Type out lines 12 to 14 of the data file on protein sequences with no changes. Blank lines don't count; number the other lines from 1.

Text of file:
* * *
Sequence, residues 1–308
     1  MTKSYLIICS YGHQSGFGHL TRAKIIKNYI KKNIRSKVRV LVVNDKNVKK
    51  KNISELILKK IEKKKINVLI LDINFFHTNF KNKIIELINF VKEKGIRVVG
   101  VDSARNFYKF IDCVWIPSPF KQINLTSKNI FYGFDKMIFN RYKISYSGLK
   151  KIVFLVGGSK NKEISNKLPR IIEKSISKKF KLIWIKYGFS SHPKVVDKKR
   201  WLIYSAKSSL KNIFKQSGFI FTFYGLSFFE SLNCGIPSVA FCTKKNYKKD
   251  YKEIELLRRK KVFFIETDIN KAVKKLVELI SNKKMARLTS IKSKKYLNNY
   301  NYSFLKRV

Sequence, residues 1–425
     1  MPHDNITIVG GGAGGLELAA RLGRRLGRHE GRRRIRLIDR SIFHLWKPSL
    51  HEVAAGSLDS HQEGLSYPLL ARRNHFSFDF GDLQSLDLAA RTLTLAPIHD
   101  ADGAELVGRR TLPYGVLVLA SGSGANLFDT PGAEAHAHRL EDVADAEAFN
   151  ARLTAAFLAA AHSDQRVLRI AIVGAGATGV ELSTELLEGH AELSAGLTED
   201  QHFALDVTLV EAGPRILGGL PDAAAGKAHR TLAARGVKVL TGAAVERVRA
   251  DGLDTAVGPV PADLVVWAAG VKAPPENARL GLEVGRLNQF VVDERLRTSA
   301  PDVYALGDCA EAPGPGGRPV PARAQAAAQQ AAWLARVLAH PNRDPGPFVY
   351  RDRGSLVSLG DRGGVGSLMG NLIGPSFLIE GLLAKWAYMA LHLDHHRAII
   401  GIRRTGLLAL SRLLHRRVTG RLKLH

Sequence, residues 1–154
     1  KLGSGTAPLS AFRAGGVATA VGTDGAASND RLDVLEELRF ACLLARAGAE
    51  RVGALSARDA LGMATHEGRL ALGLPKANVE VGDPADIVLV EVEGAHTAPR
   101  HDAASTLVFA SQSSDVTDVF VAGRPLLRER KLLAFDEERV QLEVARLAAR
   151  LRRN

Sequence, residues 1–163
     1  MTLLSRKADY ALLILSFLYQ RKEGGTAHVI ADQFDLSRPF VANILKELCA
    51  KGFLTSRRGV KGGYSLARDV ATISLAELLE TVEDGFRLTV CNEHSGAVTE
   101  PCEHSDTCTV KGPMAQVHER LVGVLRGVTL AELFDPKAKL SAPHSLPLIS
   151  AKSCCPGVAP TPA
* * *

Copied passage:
   101  ADGAELVGRR TLPYGVLVLA SGSGANLFDT PGAEAHAHRL EDVADAEAFN
   151  ARLTAAFLAA AHSDQRVLRI AIVGAGATGV ELSTELLEGH AELSAGLTED
   201  QHFALDVTLV EAGPRILGGL PDAAAGKAHR TLAARGVKVL TGAAVERVRA